The bigger issues are the awkwardly executed grab handles and random maze of metal tubes running amok on either side of the rear wheel. Even so, the Imperiale certainly isn’t an ugly bike and actually looks quite handsome overall. It’s also a headturner, not least because of its pretty massive dimensions (it’s 10mm longer and has a 50mm larger wheelbase than the Classic 350). And while a 780mm seat height does sound pretty approachable on paper, the width of the seat means that the vertically challenged will find it, erm, challenging, to get their feet flat on the floor.

The Times They Are a-Changin'

Last year, we could recommend the Imperiale with firmness and conviction over the Classic 350 and Jawa Jawa, but a lot has changed since then. There have been changes to the bike itself, with a couple of new issues cropping up. And there has been a lack of change in the areas we would’ve liked. Most importantly, 12 months ago, Benelli demanded Rs 1.69 lakh for the Imperiale. Now, it’ll set you back by a minimum of Rs 1.99 lakh, with the wine red shade you see here costing a cool Rs 2,10,900.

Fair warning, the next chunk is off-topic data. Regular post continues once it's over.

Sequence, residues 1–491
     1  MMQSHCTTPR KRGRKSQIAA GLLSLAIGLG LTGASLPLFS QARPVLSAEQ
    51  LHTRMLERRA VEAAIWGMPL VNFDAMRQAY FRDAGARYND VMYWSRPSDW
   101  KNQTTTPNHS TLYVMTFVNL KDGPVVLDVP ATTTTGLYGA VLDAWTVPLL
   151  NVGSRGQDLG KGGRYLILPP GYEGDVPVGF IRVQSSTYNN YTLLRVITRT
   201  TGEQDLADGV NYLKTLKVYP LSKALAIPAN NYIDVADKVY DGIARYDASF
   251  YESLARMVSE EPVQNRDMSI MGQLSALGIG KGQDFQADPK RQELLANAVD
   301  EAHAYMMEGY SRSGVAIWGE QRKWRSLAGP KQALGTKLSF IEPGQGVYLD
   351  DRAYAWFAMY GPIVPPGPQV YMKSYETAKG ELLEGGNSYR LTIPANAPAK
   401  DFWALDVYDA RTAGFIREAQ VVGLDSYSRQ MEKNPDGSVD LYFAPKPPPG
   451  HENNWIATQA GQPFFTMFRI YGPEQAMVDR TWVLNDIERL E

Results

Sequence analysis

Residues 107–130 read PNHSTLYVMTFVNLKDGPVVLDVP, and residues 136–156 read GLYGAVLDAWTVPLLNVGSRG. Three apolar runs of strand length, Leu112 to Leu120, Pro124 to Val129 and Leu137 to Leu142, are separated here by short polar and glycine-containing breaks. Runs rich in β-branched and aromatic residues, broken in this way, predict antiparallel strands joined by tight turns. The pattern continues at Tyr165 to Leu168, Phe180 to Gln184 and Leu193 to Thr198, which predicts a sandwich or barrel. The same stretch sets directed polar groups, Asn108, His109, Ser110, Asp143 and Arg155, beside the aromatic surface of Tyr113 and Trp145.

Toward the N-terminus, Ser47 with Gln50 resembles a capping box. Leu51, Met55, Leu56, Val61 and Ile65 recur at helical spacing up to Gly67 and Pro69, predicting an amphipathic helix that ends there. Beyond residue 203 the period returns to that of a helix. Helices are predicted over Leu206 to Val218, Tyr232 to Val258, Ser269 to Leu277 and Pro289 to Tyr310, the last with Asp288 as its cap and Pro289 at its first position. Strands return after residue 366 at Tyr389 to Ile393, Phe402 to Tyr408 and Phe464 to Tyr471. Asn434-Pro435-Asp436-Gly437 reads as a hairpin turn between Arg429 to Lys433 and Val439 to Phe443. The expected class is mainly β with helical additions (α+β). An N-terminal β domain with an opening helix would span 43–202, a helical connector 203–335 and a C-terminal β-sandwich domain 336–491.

Of equal consequence is how the market around the Imperiale has changed. While last year the Benelli had to fend off an ageing Classic and a conflicted Jawa, it now has to deal with the likes of the Honda H’ness CB350 and the Royal Enfield Meteor -- the former has already been launched at a cheaper asking rate and the latter is expected to follow a similar pattern soon. In many cases, the might of the Honda badge and the spread of RE’s service network alone will be enough to draw buyers away from the Benelli, without even considering that they’re both better equipped, more modern and lighter motorcycles. So, unless Benelli can somehow slash 15% off its price, we recommend you hold onto your cheque books until we can put these three titans head-to-head. It’s going to happen soon enough, so stay tuned to ZigWheels!